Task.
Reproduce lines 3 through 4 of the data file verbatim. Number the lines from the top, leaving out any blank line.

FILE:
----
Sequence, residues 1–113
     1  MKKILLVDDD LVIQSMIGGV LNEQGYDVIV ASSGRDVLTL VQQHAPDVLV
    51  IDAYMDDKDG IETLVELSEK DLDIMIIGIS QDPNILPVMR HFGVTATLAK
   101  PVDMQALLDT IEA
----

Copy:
    51  IDAYMDDKDG IETLVELSEK DLDIMIIGIS QDPNILPVMR HFGVTATLAK
   101  PVDMQALLDT IEA